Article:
Given what I’ve experienced, positive feelings would be inappropriate
Dissociation enables me to tolerate situations I otherwise couldn’t
Do these lists help you begin to understand your brain’s rationale for producing such symptoms? This understanding is an essential first step to resetting the output your brain is currently providing. We’ll now share with you a Discovery tool designed to help drill down and identify your brain’s rational for producing PTSD symptoms.
Experiment III: Discovering a Symptom’s Hidden Wisdom
Step One: Take out your lab book, date this entry, and write down a symptom you’d like to analyze.
Step Two: Write beneath it all the benefits of having this symptom
Step Three: Next to these, write down the good things these benefits says about you as a human being
How did you do with your own Discovery? Were you able to identify some benefits of your symptom and the nice things these benefits say about you? Sometimes recognizing the benefits of a troubling symptom can be challenging. If you find yourself getting stuck, you can approach the question in another way. Ask yourself, What would I have to give up if this symptom suddenly vanished? For example: If I was never again angry when I thought about being attacked, what else would go away? Possible answers might include: my identity as a victim or survivor, my interest in blaming my perpetrator, a community of angry fellow-victims.
You might also struggle to find the good things a particular benefit says about you as a human being. It may help to ask yourself questions like, How does this benefit express my core values and beliefs?What does it say about how I care for myself and others? How does this benefit reflect my moral code and sense of justice?
Using Discovery, many of our patients begin to experience a fundamental shift in perception. Instead of seeing symptoms solely as problems or defects, they begin to appreciate the wisdom these symptoms embody. Often this leads to patients being more compassionate with themselves and to reductions in feelings of shame, defectiveness, and inferiority. The 4 traumatized brain is actually pretty smart! Even when producing troubling symptoms it does amazing work promoting what it sees as the deep self-interests of the person who is feeding and housing it and thus keeping it alive.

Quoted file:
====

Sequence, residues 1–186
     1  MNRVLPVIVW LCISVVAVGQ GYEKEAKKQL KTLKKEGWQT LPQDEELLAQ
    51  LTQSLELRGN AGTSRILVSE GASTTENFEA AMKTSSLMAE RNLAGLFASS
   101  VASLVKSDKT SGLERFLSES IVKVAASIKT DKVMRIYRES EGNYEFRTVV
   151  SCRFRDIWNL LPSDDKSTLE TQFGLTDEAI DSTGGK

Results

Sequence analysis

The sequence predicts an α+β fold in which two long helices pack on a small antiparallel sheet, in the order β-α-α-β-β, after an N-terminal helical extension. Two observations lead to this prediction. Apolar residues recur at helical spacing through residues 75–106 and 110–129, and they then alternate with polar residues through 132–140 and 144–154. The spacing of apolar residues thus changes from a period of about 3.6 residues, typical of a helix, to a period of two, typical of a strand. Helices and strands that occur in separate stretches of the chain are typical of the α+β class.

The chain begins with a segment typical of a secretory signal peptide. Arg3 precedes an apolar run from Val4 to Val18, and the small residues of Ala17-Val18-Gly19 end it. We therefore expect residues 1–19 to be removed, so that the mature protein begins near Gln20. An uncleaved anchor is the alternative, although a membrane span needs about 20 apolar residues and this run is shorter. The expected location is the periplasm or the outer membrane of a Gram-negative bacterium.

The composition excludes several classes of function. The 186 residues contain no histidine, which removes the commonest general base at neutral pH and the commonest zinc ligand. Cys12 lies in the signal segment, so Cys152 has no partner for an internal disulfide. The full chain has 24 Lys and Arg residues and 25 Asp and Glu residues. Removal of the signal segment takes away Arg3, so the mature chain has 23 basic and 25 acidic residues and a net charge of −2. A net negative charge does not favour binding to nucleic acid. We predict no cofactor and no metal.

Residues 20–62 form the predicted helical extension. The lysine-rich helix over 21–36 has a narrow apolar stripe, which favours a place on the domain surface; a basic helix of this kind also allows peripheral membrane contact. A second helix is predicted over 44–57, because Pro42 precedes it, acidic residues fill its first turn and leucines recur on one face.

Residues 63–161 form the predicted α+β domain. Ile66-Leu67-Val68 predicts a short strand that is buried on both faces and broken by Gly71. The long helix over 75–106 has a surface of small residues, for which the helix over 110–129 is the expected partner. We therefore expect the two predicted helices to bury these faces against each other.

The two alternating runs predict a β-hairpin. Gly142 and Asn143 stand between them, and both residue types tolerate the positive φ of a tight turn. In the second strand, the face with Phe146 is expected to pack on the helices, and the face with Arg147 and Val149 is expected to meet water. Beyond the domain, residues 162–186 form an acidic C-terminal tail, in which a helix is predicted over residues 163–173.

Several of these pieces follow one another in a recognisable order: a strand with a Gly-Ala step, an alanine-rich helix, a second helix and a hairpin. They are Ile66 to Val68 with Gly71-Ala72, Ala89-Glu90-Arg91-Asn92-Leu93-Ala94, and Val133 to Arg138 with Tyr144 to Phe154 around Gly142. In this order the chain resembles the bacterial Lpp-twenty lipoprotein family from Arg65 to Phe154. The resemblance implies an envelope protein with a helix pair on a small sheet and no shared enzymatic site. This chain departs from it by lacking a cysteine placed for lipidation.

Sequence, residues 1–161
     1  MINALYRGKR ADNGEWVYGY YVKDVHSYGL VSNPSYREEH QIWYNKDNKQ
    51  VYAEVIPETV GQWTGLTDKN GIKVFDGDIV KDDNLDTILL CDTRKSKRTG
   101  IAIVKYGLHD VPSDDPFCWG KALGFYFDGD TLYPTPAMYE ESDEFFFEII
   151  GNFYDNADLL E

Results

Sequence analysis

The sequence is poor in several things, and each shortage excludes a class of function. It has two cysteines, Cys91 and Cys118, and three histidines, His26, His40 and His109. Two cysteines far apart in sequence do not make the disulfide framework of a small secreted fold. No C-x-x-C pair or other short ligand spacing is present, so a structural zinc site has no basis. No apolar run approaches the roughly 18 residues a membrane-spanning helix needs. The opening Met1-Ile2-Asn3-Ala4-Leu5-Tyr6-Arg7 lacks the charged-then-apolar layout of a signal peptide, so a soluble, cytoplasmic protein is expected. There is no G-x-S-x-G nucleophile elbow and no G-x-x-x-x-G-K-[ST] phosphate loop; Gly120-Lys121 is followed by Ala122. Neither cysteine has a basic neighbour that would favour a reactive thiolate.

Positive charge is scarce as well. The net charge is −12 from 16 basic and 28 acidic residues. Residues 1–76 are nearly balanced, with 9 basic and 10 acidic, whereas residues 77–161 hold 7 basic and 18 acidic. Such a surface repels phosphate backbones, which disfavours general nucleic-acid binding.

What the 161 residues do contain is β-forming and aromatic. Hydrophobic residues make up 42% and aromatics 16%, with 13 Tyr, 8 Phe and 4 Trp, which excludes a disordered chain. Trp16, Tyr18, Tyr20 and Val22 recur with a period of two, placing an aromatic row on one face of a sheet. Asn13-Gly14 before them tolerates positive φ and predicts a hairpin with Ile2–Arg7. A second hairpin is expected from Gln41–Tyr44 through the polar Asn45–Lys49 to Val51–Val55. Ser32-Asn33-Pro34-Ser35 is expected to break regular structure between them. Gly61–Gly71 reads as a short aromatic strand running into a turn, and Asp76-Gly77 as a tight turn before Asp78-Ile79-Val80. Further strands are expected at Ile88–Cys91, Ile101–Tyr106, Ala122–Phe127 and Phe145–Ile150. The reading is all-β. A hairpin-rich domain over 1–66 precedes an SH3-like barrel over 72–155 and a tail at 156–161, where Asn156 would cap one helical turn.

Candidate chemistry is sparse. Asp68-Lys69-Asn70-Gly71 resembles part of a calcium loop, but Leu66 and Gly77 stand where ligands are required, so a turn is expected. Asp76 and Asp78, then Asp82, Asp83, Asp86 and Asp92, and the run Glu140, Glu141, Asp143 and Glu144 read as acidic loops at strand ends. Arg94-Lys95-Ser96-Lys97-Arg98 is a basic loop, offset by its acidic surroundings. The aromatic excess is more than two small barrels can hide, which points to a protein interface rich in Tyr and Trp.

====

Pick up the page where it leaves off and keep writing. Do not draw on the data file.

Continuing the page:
When we go into a store our brains become real-time calculators of price and benefit. Examining an item of clothing or a kitchen appliance, we weigh its price against the benefit we believe it will bring. If the benefit is greater than the price we may purchase the item; if not we’ll likely keep shopping.
Precisely this reckoning is the next step in evaluating the wisdom Discovery reveals. Once we’ve identified the benefits of a symptom and the ways in which it expresses our core values we can consider the symptom’s cost. In addition we’ll add a numeric component to the equation to quantify and further clarify our perception of value. One number will express the appeal of the benefits, the other the weight of the price. Each will be a number between 0 and 100. We can think of the price number as units of payment, the benefit number as units of value. See figure 4.5 for how Alicia priced anxiety and figure 4.6 for how Benito priced isolating himself from others.